Huge fine for former Steinhoff CEO Markus Jooste for insider trading

30 October 2020 - 12:12
Former Steinhoff CEO Markus Jooste will pay a hefty fine for tipping off his friends about the imminent collapse of the company.
Former Steinhoff CEO Markus Jooste will pay a hefty fine for tipping off his friends about the imminent collapse of the company.
Image: Esa Alexander

Former Steinhoff CEO Markus Jooste and three other people have been fined around R241m for insider trading by the Financial Sector Conduct Authority (FSCA).

The authority announced that Jooste alone was fined R161m for breaching section 78 (4) (a) and section 78 (5) of the Financial Markets Act.

“The provisions prohibit, respectively, an insider from disclosing inside information and or encouraging or discouraging another person to deal in securities which the inside information relates to. The insider trading breaches were in respect of share transactions in Steinhoff International Holdings NV (Steinhoff) during November and December 2017,” the authority said.

It reported that its investigations found that on November 30 2017, shortly before the much-publicised significant decrease in the market value of Steinhoff shares, Jooste was privy to Steinhoff-related inside information and shared this with some of his friends and acquaintances who had interests in Steinhoff.

In 2018, the Sunday Times had reported on this damning message, which Jooste was alleged to have sent to several people. In it, he said there was impending, unspecified bad news coming.

At the time, Steinhoff was in discussions with Deloitte LLP about the viability of its accounts. On December 5, the company said it had uncovered accounting irregularities and that Jooste had quit, causing the shares to plunge 63% in a single session.

The authority on Thursday said three of the people who received the message acted on the disclosure and encouragement and sold Steinhoff shares.

The FSCA explained how it determined the penalty amount.

It said it had considered among other factors, the amounts of the losses avoided by the recipients of the warning SMS as a result of the offending transactions; Jooste’s level of co-operation during the investigation; the seriousness of the breaches; the need to deter such conduct; and his submissions regarding the merits of the case against him.

“The penalty of R161,568,068 imposed on Mr Jooste includes a multiple of three times the losses avoided due to the transactions executed by the recipients of the warning SMS, plus the amounts discussed further in this statement regarding his joint and several liability with two recipients of the SMS,” the authority said.

“The penalty imposed on Mr Jooste also includes an amount of R1m for disclosing inside information and encouraging Mr Jaap du Toit to sell his Steinhoff shares. Notwithstanding the disclosure and encouragement, Mr du Toit never acted on the contents of the warning SMS.

“Mr Jooste has also been ordered to pay interest on the penalty amount of R161,568,068. The interest is in respect of any unpaid portion of the administrative penalty until the penalty is fully paid. He has also been ordered to pay the authority’s costs incurred in connection with investigating the contraventions in this matter.”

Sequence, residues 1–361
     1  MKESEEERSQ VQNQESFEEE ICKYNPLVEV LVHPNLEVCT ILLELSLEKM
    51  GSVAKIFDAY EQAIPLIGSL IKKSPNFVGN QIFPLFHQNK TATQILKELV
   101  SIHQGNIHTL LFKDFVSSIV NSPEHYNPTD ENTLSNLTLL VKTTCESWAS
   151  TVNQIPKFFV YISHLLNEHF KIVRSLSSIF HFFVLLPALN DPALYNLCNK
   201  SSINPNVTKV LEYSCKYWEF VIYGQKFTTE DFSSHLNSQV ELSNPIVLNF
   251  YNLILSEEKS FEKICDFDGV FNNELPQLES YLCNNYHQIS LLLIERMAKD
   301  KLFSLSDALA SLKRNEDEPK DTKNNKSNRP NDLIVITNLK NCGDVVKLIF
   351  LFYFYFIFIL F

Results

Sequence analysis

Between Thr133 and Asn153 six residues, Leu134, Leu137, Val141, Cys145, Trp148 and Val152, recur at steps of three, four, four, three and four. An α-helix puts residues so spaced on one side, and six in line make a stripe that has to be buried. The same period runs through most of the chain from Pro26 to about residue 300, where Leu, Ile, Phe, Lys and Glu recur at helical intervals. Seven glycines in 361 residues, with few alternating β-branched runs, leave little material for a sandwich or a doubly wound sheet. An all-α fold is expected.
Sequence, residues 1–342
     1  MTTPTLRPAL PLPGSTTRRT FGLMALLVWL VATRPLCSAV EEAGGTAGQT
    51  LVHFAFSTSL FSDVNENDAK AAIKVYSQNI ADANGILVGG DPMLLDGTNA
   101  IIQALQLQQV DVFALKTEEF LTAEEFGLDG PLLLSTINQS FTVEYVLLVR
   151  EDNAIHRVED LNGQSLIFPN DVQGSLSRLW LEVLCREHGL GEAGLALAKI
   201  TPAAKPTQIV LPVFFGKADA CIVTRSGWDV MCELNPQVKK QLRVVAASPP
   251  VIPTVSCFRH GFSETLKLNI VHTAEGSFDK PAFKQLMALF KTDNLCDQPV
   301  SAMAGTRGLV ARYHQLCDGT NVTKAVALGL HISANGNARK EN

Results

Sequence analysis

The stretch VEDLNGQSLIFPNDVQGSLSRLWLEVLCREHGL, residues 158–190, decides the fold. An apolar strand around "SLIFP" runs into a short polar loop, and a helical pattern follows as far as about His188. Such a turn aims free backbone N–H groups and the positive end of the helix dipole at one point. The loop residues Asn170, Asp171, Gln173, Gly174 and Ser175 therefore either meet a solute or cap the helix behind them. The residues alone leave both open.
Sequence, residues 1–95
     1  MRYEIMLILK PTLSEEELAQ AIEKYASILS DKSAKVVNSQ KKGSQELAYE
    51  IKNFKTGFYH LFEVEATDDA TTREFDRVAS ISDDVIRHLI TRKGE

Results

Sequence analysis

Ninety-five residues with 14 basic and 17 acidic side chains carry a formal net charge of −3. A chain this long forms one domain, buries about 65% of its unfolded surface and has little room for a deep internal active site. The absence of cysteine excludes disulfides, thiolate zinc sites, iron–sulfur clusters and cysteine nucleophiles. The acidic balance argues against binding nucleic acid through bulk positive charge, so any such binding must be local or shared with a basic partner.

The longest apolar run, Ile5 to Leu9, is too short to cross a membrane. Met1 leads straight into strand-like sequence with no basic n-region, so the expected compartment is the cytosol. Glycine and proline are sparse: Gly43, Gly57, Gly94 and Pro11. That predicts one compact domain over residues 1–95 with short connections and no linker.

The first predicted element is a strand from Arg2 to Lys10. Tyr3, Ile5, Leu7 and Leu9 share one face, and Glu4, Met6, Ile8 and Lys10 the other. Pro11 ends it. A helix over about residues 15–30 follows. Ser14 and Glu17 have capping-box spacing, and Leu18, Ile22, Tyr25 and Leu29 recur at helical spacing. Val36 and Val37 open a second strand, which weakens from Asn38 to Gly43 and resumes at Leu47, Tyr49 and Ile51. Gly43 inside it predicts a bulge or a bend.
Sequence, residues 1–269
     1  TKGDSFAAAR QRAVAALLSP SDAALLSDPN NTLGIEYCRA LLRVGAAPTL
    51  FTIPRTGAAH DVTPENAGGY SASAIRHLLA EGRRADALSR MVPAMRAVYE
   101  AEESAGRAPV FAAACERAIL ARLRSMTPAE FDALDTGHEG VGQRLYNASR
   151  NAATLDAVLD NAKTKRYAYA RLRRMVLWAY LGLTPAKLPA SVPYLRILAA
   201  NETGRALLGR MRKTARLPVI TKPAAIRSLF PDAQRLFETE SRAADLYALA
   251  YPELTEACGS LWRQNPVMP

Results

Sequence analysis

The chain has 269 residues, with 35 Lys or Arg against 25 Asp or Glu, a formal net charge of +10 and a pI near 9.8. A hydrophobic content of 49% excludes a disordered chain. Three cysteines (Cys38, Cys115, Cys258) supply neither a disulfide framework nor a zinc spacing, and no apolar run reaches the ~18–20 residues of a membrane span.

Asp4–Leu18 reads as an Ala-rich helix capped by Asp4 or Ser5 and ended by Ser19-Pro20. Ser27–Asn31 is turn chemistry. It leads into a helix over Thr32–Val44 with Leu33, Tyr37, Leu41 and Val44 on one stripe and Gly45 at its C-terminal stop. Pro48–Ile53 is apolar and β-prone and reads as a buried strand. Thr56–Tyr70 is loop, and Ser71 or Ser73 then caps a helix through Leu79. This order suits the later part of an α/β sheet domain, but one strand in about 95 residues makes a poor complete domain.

The recipients of Jooste’s message who acted on it were less harshly penalised.

The authority said Dr Gerhardus Diedericks Burger, who was an acquaintance of Jooste, had breached section 78 (2) of the act. Upon receiving the message, he sold the entire Steinhoff holding held by two of his family trusts.

“After due consideration of the relevant factors, including his submissions, the administrative penalty imposed on Dr Burger represents two times the loss avoided as a result of his offending transactions, resulting in a penalty amount of R3,002,630,” the FSCA said.

Marthinus Swiegelaar was imposed a penalty of R18,328 for also breaching of section 78 (1) of the act.

“Mr Swiegelaar was Mr Jooste’s chauffeur at the time of the contravention, and he also received the warning SMS on November 30 2017. The authority found Mr Swiegelaar, comparatively speaking, to have provided the highest level of co-operation during the investigation and he sold significantly less shares than the rest of the investigated parties,” the authority said.

“The penalty imposed on him represents the loss he avoided when he sold his shares a few days after he received the warning SMS. Mr Swiegelaar is jointly and severally liable with Mr Jooste to pay the R18,328,” the authority said.

It imposed a penalty of R115,867,122 on Ocsan Investment Enterprises (Pty) Ltd, a company that was controlled by a long-time acquaintance of Jooste's — the late Ockie Oosthuizen.

“Mr Oosthuizen instructed Ocsan’s sale of Steinhoff shares on November 30 2017 following receipt of the warning SMS and thus caused Ocsan to breach section 78 (1) of the Financial Markets Act. Among other relevant considerations, the authority found that Mr Oosthuizen deliberately misled investigators during questioning and thus failed to provide meaningful co-operation,” the authority said.

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